The Yawara originated from the use of Kongou, a Buddhist symbolic object, by various monks during Feudal Japan. The Yawara takes the form of one or two small, thick sticks which stick out about an inch from each side of the hand. They are usually used in pairs to initiate throws, bone breaks, and pressure point strikes.
In the United States, yawaras are not intrinsically illegal in every jurisdiction. In the United Kingdom, "any article made or adapted for use for causing injury to the person, or intended by the person having it with him for such use" is defined as an offensive weapon under the Prevention of Crime Act of 1953 thus potentially including a yawara stick.
Yawarajutsu is a martial art focusing on the yawara. It is sometimes simply referred to as yawara, and this name has been used interchangeably with jujutsu. There are similarities in the kanji for yawara (柔) and jujutsu (柔術). The yawari, tessen (iron fan), and short stick are used to apply yawara or jujutsu techniques. The yawara movements are believed to have been derived from the sheathed knife techniques of tantojutsu.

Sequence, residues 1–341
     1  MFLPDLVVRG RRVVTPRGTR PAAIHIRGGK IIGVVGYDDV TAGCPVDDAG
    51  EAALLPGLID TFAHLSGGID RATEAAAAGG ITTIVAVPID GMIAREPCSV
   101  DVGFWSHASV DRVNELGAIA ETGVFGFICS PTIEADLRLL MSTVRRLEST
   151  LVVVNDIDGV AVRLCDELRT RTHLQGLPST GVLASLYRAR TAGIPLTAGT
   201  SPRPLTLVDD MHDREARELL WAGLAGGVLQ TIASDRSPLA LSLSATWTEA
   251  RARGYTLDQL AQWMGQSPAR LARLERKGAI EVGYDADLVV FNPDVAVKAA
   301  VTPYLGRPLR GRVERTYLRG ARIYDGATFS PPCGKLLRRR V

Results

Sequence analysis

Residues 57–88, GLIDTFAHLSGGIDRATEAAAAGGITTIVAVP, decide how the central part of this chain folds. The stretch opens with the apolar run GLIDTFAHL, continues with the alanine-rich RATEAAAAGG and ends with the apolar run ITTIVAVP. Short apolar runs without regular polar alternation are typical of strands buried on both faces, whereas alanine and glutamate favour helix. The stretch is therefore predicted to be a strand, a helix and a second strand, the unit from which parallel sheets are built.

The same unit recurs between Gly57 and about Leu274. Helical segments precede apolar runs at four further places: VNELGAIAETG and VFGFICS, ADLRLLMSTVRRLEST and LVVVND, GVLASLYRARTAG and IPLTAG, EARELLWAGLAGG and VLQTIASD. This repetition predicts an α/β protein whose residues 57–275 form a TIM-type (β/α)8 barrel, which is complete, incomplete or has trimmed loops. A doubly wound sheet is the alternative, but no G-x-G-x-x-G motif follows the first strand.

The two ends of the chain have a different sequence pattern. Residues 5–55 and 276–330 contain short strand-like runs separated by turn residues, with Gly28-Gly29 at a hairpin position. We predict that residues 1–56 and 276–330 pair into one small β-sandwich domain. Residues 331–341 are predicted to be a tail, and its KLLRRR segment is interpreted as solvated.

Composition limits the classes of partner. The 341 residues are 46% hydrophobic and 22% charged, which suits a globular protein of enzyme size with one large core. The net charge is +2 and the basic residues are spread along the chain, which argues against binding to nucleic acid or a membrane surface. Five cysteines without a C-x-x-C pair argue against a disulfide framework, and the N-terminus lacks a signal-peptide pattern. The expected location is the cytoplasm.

In popular culture
- Fictional comic strip character Modesty Blaise often uses a single yawara, which she calls a "kongo".
- Tommy Okase in J. T. Edson's Ole Devil series uses a yawara.
- The yawara plays an important role in the 2004 movie Twisted.
- Cold Steel, a blade and weapon speciality company, markets the Pocket Shark, a durable, reinforced polymer permanent marker designed to hold up to impact and pressure with the intention of being used as a yawara. Cold Steel also markets the Koga SD series, of structural nylon, for use as short batons.
- The Japanese manga and anime "YAWARA!" ran from 1986 to 1993 and tells the story of Yawara Inokuma, a young girl who aspires to an ordinary life but who, due to her innate talent, is forced to keep practicing judo by her authoritarian grandfather, Jigorou Inokuma, with the aim of achieving championship in Japan and the gold medal in the Barcelona's 1992 Olympic Games.
- ^ a b Yawara jitsu[clarification needed][unreliable source?]
- ^ US patent number 2,099,447-- November 1937-- Matsuyama
- ^ "Prevention of Crime Act 1953:". CHAPTER 14 1 and 2 Eliz 2. 6th May 1953. http://www.opsi.gov.uk/RevisedStatutes/Acts/ukpga/1953/cukpga_19530014_en_1. Retrieved August 11, 2011.
- ^ Petersen, Rennie (2005). "Modesty's Kongo". MSN Groups: Modesty Blaise. Redmond, WA: Microsoft Network. Archived from the original on May 21, 2007. http://web.archive.org/web/20070630160953/groups.msn.com/ModestyBlaise/modestyskongo1.msnw. Retrieved December 6, 2009. [unreliable source?]
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